We used data from the Coronary Artery Risk Development in Young Adults study to identify inflammatory pathways (C-reactive protein [CRP] level

Six cognitive domains were assessed from tests of verbal memory, processing speed, executive function, verbal and category fluency, and global cognition; poor cognitive performance was defined as a decline of ≥1 SD less than the mean on any domain. The primary outcome was poor cognitive performance. Logistic regression was used to adjust for demographics, smoking, alcohol use, physical activity, and APOETY 4 state.


Among 2,364 participants, the mean (SD) age was 50.2 (3.5) years; 55% were female and 57% were white. Three CRP trajectories emerged over 18 years: lower stable (45%), moderate/increasing (16%), and consistently higher (39%). Compared with lower stable CRP, both were consistently higher (adjusted odds ratio [aOR] 1.67, 95% CI 1.23–2.26) and moderate/increasing (aOR 2.04, 95% CI 1.40–2.96) CRP was associated with a greater likelihood of poor processing speed; consistently higher CRP was also associated with a greater likelihood of poor executive function (aOR 1.36, 95% CI 1.00–1.88).

No association was found for memory (moderate/increasing aOR 1.36, 95% CI 1.00–1.88; consistently higher aOR 1.18, 95% CI 0.90–1.54), letter fluency (moderate/increasing aOR 1.00, 95% CI 0.69–1.43; consistently higher aOR 1.05, 95% CI 0.80–1.39), category fluency (moderate/increasing aOR 1.16, 95% CI 0.82–1.63; consistently higher aOR 1.11, 95% CI 0.85–1.45), or global cognition (moderate/increasing aOR 1.16, 95% CI 0.82–1.63; consistently higher aOR 1.11, 95% CI 0.85–1.45). perceived.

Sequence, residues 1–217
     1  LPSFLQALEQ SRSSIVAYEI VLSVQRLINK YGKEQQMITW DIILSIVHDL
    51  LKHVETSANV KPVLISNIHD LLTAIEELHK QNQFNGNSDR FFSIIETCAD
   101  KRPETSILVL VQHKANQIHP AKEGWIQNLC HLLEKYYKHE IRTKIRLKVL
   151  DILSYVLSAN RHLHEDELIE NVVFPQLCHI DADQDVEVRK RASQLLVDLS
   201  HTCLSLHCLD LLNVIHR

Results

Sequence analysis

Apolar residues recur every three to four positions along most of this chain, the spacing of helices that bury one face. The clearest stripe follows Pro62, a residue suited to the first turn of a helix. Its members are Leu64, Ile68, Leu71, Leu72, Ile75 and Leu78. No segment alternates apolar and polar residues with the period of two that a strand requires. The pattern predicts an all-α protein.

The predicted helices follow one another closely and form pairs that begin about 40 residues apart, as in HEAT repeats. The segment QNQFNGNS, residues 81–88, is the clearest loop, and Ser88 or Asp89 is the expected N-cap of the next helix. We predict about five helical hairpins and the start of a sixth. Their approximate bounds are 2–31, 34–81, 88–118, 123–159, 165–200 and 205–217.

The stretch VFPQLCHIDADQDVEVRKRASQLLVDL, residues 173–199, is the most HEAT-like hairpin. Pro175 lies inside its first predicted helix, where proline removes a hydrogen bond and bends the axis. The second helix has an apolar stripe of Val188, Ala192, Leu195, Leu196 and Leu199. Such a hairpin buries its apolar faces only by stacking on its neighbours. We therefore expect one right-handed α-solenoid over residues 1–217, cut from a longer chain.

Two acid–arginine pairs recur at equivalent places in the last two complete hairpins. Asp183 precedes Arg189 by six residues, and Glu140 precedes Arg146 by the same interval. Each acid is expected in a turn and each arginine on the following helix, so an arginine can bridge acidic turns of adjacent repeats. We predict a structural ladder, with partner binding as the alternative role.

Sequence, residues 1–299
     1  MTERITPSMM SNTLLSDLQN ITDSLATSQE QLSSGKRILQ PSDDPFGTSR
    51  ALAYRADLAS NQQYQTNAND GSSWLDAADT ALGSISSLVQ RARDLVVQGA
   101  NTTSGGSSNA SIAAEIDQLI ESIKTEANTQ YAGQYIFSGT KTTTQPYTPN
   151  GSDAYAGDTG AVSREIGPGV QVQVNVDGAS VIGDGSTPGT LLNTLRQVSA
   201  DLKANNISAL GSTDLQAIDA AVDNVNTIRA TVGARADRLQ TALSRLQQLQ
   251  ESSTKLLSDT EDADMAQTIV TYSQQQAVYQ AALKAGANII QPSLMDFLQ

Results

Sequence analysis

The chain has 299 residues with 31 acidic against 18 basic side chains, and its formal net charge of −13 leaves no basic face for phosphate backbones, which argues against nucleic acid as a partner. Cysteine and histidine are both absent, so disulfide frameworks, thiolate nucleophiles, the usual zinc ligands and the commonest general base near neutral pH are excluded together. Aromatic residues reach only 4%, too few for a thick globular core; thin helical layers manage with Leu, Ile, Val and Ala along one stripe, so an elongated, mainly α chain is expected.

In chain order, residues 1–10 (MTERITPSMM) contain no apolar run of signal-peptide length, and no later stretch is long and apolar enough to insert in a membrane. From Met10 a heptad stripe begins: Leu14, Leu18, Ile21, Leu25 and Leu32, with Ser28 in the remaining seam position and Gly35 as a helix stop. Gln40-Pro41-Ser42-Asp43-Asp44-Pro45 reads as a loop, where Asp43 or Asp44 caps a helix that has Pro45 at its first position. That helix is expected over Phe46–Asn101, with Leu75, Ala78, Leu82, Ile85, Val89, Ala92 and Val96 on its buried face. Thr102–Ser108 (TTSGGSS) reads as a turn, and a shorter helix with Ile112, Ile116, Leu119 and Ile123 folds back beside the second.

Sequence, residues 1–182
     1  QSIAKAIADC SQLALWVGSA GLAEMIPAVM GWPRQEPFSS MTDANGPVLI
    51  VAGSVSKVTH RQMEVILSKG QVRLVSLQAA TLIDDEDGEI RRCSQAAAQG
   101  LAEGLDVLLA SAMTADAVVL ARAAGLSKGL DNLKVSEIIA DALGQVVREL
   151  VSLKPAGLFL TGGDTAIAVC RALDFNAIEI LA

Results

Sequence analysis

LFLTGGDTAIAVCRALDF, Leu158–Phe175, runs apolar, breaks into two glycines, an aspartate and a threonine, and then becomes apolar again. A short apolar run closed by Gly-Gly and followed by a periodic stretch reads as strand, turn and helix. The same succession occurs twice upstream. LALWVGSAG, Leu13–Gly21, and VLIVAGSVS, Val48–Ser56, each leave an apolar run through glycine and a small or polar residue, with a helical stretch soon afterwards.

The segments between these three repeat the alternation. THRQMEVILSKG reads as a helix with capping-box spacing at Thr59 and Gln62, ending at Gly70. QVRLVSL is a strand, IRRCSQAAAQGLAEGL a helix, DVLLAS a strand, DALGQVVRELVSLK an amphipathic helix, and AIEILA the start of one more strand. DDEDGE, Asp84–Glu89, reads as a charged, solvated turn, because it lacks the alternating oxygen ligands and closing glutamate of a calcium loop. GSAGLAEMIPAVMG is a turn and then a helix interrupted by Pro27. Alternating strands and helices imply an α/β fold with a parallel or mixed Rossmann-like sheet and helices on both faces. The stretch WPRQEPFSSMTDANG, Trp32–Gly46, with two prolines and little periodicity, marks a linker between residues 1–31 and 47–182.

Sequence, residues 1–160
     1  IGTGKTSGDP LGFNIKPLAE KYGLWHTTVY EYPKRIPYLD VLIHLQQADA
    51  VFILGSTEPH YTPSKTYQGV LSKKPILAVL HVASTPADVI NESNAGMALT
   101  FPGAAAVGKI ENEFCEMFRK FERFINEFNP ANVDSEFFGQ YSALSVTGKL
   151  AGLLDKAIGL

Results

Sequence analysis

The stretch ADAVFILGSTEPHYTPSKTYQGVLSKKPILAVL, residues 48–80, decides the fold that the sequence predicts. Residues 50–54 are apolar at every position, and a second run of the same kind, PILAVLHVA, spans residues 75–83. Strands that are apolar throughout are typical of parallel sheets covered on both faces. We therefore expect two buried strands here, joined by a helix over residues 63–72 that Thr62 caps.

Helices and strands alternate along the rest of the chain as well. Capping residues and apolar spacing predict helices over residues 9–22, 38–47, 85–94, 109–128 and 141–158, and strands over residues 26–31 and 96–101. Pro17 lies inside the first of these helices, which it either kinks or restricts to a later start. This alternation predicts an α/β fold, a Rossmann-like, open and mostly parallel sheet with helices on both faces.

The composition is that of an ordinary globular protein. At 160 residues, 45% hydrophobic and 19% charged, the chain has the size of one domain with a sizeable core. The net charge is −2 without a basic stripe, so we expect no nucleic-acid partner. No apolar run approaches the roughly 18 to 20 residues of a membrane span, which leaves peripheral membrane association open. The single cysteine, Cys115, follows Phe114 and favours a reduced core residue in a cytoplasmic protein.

Consistently higher or moderate/increasing inflammation beginning in early adulthood may lead to poorer executive function and processing speed in midlife. Study limitations include selection bias due to loss to follow-up and reliance on CRP as the sole marker of inflammation. Inflammation is important for cognitive aging and may begin much earlier than previously known.